More evidence surfaced this week that shows that forests are struggling to do humans’ dirty work when it comes to climate change. Although companies and countries are increasingly relying on forests to draw down their planet-heating carbon dioxide emissions, the math isn’t adding up to show big benefits.
California might haveoversold the success of carbon offsets used in its cap-and-trade system, which is often billed as one of the world’s most successful market-based mechanisms to tackle climate change. The system appears to be failing because California is actually overcounting how much carbon dioxide forests keep out of the atmosphere, according to a new study by nonprofit CarbonPlan, that’s still under peer review, and reporting by ProPublica and MIT Technology Review. (One of the authors, James Temple, was previously a senior director at The Verge.)
That finding follows research published earlier this week in the journal Nature Climate Change that found a giant discrepancy between how much climate pollution countries officially reported and how much pollution independent models calculated for them. In this case, forests mucked up the numbers because countries are attributing more carbon reductions to their forests than independent models do.
Trees do provide a crucial service for people and the planet by “breathing in” and storing carbon dioxide. So protecting forests is important for their health and ours. But schemes devised to sell forests’ carbon storage to polluters as a way to cancel out their emissions haven’t always resulted in the CO2 reductions they’re supposed to achieve. Ultimately, that lets those polluters off the hook instead of pushing them to do more in the race to prevent a deeper climate crisis.
In the US, forest owners can sell their land’s ability to store carbon as “credits” to polluters. Since California sets a cap for how much CO2 pollution industries generate, companies can purchase those credits to cancel out some of their emissions and stay below the cap (with each credit representing one metric ton of CO2). But up to 39 million credits, nearly a third in the state’s program, didn’t actually provide the climate benefits they were supposed to, according to the new analysis by CarbonPlan.
That’s because the state was using averages to estimate how much CO2 each parcel of forest could hold. In reality, some pieces of forest can store more than others based on what kinds of trees are there and how dense the forest is. Forest managers also “gamed the system” by selling credits from parcels that inflated how much carbon they stored, ProPublica and MIT Technology Review reported.
The California Air Resources Board disputes the study’s findings, which are still undergoing peer review. “We were not given sufficient time to fully analyze an unpublished study and are not commenting further on the authors’ alternative methodology,” a spokesperson for the Air Resources Board wrote to ProPublica and MIT Technology Review. (This isn’t the first time California’s cap-and-trade system has come under scrutiny. Previous research found that some “economically disadvantaged neighborhoods” near regulated facilities experienced higher rates of pollution after the carbon trading system began.)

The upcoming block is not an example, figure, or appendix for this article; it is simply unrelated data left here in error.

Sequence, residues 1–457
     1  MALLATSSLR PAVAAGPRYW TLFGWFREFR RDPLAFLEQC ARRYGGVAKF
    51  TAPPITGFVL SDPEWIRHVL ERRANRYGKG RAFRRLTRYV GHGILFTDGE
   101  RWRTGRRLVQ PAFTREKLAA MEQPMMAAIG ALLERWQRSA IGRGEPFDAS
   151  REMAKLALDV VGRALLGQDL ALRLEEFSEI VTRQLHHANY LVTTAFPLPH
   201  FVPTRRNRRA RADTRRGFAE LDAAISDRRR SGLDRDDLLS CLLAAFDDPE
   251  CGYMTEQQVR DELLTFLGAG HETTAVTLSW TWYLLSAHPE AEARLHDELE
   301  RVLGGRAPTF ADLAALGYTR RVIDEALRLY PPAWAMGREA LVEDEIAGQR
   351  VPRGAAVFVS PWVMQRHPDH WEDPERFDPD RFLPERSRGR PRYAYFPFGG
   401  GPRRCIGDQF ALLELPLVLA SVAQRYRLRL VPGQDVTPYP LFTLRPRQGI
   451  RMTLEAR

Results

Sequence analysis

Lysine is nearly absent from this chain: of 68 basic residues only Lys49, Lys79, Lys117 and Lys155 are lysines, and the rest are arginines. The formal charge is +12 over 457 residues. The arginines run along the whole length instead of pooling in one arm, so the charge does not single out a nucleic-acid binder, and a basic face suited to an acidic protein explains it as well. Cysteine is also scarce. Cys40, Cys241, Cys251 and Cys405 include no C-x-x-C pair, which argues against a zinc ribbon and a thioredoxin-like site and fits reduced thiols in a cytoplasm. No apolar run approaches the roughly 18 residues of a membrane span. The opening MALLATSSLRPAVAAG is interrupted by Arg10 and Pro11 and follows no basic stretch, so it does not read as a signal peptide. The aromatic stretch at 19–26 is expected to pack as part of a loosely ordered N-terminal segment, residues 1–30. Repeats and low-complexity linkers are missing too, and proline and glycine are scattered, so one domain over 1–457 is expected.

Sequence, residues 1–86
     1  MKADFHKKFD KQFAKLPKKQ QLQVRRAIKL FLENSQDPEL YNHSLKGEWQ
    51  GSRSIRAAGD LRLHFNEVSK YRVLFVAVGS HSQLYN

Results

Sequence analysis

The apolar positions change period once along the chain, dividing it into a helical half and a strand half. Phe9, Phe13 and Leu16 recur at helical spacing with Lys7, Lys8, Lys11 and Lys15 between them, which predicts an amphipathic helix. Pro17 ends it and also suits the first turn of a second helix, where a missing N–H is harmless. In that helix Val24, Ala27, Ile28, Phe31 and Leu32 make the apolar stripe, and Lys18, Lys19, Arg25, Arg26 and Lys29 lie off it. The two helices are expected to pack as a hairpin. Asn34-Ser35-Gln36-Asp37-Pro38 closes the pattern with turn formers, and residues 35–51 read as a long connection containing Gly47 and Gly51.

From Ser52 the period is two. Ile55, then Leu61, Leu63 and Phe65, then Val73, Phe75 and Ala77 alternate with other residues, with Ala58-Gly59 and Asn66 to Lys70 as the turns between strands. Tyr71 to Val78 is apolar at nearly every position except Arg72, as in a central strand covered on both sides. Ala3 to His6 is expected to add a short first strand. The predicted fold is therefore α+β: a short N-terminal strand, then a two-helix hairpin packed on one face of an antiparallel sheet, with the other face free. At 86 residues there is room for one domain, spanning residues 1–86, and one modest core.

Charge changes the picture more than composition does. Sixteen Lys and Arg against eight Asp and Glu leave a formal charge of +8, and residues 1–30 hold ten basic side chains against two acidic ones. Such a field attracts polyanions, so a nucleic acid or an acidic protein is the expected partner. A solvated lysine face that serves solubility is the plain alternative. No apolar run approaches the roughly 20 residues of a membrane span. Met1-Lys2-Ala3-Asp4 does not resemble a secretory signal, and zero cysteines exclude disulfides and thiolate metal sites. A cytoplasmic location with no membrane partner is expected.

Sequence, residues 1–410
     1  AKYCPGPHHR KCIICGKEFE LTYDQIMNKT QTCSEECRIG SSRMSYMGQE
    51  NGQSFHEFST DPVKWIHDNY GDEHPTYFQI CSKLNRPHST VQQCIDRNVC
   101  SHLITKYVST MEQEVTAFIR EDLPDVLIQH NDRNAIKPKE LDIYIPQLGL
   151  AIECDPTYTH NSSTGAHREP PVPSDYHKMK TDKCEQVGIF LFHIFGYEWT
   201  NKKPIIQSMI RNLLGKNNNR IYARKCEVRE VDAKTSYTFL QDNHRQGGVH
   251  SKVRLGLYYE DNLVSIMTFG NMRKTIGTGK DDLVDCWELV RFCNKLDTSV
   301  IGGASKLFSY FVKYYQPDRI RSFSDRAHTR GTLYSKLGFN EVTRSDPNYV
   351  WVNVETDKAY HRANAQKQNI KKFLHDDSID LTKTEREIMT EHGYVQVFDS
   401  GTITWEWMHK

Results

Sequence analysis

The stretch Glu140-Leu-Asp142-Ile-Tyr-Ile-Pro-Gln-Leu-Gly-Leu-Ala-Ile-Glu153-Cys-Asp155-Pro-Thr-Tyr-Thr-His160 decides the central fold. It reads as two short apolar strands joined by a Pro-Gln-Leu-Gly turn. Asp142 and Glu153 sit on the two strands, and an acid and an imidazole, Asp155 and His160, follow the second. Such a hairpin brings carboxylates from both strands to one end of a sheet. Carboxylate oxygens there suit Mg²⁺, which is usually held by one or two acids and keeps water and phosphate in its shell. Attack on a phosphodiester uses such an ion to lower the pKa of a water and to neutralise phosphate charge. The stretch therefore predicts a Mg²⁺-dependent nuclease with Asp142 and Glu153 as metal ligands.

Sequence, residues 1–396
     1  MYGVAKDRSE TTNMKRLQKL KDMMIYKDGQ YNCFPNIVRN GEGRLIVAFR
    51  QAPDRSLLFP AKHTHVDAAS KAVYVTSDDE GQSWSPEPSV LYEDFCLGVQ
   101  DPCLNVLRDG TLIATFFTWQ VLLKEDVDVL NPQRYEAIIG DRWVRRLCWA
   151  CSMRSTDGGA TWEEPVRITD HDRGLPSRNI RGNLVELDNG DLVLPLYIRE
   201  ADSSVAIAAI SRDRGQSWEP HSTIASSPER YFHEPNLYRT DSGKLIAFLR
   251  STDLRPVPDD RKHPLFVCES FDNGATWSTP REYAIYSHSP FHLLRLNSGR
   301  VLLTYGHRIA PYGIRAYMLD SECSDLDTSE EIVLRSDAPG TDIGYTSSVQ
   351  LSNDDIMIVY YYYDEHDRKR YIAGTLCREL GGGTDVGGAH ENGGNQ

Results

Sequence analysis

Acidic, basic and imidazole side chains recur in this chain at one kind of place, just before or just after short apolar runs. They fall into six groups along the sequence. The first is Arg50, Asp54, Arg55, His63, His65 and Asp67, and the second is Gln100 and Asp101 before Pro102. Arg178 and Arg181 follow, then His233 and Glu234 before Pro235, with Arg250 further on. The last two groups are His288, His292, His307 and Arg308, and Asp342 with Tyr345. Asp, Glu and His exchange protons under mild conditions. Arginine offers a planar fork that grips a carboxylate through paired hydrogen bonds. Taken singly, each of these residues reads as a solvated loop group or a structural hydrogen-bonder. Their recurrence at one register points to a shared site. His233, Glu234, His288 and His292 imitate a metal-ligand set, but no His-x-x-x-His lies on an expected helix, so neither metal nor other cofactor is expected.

Discrepancies in carbon accounting due to forests show up globally, too, according to the Nature Climate Change study. There was a 5.5 billion ton difference between the amount of carbon dioxide emissions nations report each year and what independent models calculated. That’s a big gap, nearly as much as the US’s net emissions in 2019. It boils down to the way the US and other countries count up carbon caught by their forests, which doesn’t match up with the methods other researchers use. The lack of standardized reporting across the board for countries and scientists could throw a wrench in global efforts to curb greenhouse gas emissions. It’s hard to make progress if everyone’s taking different measurements.
What’s more, countries that are big polluters and that have a lot of forests, like the US, can lean on that asset more than countries without as much forest cover, The Washington Post writes. Countries like the US use forests to subtract emissions, and they end up reporting a smaller “net” footprint as a result. That can make it look like they’ve made bigger environmental gains even if they’re still polluting a lot.
If the US didn’t count on forests and other land ecosystems to offset some 12 percent of its emissions, its carbon footprint would actually be much higher. “We are lucky to have those natural carbon sinks,” Christopher Williams, a professor at Clark University, told The Washington Post. “However, that carbon uptake is a freebie from nature for which we do not really get to take credit in our battle against climate change.”
Despite the risks that come with relying on those freebies, it’s getting trendier than ever to invest in forest-based climate solutions. YouTubers and the World Economic Forum have launched feel-good tree-planting initiatives. Tech companies like Microsoft that have made commitments to become carbon “neutral” or carbon “negative” say that they’ll draw down at least as many emissions as they release — and are relying heavily on trees to do that. But trees can only do so much — and, if the results of these studies hold up, perhaps much less than people previously thought they could.